Review by Tina Koyama
If I had my druthers, all pens would be retractable. Since I use so many of my pens and other tools while out sketching somewhere, pens with caps are always at risk. (I once dropped a pen cap from the upper level balcony of a mall where I was sketching. The concierge desk was directly below me. When I approached the desk to see if they had seen my cap, the concierge said, “Oh, was that yours? I saw it land here on the desk, so I threw it away!” He kindly dug it out of his wastebasket for me. If it had landed on his desk from up above, you’d think he would have at least looked up out of curiosity before tossing it.) I also favor retractables simply for their single-handed efficiency.
When I heard about the Airless Pen, a retractable marker, I was curious. Markers are famous for drying out quickly if a cap is left off. So are fountain pens. Pilot’s Vanishing Point has proven that a capless fountain pen is possible, but that pen costs around $130, not a couple bucks as the Airless Pen is.
How does it work? The Airless Pen “is created with an internal and retractable silicone cap that prevents airflow into the pen, so the ink never runs dry. This specialized ‘sealed tube technology’ creates a small vacuum where the water-based ink is preserved.” Curious, indeed!
The review set I received is the same as the reward that Kickstarter backers receive at the $23 level: five 0.7mm pens, seven 1mm pens and a fabric pen-roll-style case to hold them.
The tips look typical for felt tip markers. The Kickstarter site has a video showing the intriguing retractable mechanism and “sealed tube technology.” The mechanism is partially visible through the frosted plastic body of the 0.7mm pens. (Why not make all the pens transparent to show off this cool mechanism?) It looks like a little silicone wire that pulls the trap door closed.
The first thing I did was to make scribble tests in a Plumchester sketchbook, and then I gave each swatch a swipe with a waterbrush to test its water-solubility. The inks are brightly colored in an average kind of way.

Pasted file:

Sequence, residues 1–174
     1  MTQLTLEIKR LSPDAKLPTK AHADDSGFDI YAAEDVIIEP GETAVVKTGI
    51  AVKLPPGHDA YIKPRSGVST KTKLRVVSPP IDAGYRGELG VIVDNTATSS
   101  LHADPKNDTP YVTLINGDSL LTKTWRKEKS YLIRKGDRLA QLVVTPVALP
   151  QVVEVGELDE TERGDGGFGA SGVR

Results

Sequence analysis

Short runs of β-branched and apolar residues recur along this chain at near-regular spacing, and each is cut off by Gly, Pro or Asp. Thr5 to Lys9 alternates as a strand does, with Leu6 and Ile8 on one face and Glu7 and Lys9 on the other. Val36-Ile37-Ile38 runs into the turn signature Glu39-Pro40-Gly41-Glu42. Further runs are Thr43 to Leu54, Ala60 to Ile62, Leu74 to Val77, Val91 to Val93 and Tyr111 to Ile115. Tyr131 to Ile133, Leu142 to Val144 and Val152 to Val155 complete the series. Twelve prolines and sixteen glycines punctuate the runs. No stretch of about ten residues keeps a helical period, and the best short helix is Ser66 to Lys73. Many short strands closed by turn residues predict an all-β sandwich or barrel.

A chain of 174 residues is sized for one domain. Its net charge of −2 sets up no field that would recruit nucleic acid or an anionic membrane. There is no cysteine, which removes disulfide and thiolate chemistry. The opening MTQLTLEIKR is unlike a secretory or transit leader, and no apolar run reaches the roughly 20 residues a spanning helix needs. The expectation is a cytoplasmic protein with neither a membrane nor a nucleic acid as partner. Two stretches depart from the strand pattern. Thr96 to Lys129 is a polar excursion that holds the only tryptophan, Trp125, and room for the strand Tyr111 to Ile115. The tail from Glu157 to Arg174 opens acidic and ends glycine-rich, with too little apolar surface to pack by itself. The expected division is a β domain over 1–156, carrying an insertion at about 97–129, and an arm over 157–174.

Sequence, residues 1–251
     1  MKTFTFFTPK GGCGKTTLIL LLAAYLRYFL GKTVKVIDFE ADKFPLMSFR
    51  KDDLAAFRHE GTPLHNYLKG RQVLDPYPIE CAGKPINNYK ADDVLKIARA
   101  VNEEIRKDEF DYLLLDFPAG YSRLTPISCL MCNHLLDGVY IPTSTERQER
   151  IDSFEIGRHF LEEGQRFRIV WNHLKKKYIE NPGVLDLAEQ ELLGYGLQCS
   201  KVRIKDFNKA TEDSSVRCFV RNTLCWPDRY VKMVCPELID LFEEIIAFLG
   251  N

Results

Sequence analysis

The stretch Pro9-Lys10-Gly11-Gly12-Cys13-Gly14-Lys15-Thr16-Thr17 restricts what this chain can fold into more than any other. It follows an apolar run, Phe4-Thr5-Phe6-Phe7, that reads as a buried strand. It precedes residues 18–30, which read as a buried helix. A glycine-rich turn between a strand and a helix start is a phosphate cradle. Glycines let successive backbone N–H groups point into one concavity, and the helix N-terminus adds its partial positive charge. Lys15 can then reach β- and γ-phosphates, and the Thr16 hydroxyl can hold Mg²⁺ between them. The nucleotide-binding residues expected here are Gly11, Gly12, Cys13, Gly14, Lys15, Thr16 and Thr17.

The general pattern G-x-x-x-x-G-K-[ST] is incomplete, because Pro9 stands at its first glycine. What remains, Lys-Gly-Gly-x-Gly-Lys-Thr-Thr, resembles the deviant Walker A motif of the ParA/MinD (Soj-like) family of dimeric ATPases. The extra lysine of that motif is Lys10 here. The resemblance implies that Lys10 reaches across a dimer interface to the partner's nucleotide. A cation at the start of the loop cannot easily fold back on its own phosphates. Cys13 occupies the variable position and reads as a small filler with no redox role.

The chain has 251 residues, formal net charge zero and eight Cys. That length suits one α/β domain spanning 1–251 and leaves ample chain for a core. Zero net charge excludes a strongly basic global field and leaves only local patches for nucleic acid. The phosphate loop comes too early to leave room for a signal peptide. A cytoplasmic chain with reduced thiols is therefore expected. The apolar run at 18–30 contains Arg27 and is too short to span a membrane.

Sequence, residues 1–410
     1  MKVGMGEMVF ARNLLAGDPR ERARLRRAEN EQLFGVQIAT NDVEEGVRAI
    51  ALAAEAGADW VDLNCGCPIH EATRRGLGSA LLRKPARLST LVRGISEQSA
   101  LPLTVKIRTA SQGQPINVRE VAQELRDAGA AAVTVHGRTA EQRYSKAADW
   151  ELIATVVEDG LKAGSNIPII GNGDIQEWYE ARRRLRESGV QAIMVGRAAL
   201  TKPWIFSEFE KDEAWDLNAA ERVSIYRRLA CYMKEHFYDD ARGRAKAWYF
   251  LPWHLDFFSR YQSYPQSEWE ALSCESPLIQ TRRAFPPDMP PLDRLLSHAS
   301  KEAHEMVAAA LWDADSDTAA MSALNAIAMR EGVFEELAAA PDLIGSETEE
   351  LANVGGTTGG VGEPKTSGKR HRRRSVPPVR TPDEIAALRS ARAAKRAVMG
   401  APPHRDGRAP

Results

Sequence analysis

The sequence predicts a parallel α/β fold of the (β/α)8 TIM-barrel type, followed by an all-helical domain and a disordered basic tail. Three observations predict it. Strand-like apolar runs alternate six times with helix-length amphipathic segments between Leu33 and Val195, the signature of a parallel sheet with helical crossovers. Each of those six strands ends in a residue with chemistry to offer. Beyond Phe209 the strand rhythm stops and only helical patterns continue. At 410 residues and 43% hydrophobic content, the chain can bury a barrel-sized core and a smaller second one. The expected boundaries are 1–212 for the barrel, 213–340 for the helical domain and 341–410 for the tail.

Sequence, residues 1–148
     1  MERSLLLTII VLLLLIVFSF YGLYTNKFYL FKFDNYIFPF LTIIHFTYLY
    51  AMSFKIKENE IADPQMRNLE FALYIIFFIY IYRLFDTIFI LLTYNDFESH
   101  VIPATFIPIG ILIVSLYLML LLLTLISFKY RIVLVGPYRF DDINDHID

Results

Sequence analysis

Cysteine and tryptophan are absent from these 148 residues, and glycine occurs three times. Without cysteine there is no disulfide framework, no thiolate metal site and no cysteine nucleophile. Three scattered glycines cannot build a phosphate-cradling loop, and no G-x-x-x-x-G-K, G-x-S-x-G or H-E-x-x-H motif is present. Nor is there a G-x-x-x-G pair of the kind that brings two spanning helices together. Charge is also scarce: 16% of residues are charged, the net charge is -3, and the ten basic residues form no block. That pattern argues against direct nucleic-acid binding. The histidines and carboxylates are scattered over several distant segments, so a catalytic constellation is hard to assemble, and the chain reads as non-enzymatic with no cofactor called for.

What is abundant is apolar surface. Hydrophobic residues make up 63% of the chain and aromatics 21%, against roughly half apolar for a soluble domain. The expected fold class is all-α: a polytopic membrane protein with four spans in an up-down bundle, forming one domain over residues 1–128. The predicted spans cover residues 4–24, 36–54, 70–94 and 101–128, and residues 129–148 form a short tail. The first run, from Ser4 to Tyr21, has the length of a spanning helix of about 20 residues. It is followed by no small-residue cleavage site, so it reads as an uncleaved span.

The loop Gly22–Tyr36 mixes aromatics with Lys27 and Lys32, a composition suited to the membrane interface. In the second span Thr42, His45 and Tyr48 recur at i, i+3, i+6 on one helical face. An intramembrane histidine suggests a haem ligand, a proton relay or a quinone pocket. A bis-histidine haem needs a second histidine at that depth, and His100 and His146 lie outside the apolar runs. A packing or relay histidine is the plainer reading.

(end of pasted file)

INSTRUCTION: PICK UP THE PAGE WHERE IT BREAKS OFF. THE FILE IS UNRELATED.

Unfortunately, three of the 0.7mm pens (blue, purple and red) were a bit dry at the beginning of the scribble. Further scribbling made the ink flow as expected. The 1.0mm pens flowed without issue from the first stroke.
I started wondering about the ink itself, regardless of the retraction technology. I left two pens on my desktop with their tips exposed for six days. In the same Plumchester sketchbook, I gave them a scribble after one day and after six days. The samples look the same after each time period – a bit drier than when they had been retracted during shipping, but useable compared to some markers which, uncapped, have dried out in a matter of a day or two. Perhaps the ink itself evaporates less quickly than the average marker, making it a good match for a retractable design.
Finally, I tested these markers for how I might use them. Since the inks are water-soluble, I tried blending them in both the Plumchester sketchbook and a Stillman & Birn Alpha sketchbook. As expected, they blended better on the Alpha’s surface, which is sized for light water media.
I have no complaints about the ink, which seems suitable for coloring, doodling and other casual uses. However, the pen’s plastic body leaves a lot to be desired. The design is clunky, the knock feels clumsy and doesn’t always engage on the first try, and seams are visible and rough. At the same price point, the Zebra Sarasa, Pilot Juice and Pentel Energel retractable pens all have more comfortable and better-looking plastic bodies. The Airless Pen’s inner mechanism is what makes it unique and special, but I wouldn’t mind paying more for a better body that would make the pen more pleasant to use.
I realize the pens I received are an early production set, and quality issues may be worked out later after full funding is received (the Kickstarter campaign has already surpassed its goal by more than double). One QC issue I noted right away is that one of the tips doesn’t extend as far as the rest.
The Airless Pen has an intriguing retraction mechanism that looks promising for the future of retractable markers. For me to want to use it, however, the pen needs a better body that looks and feels as good as its inner workings.
The Airless Pen’s Kickstarter campaign ends Nov. 4.
DISCLAIMER: The items included in this review were provided free of charge by Airless Pen for the purpose of review. Please see the About page for more details.
Tina Koyama is an urban sketcher in Seattle. Her blog is Fueled by Clouds & Coffee, and you can follow her on Instagram as Miatagrrl.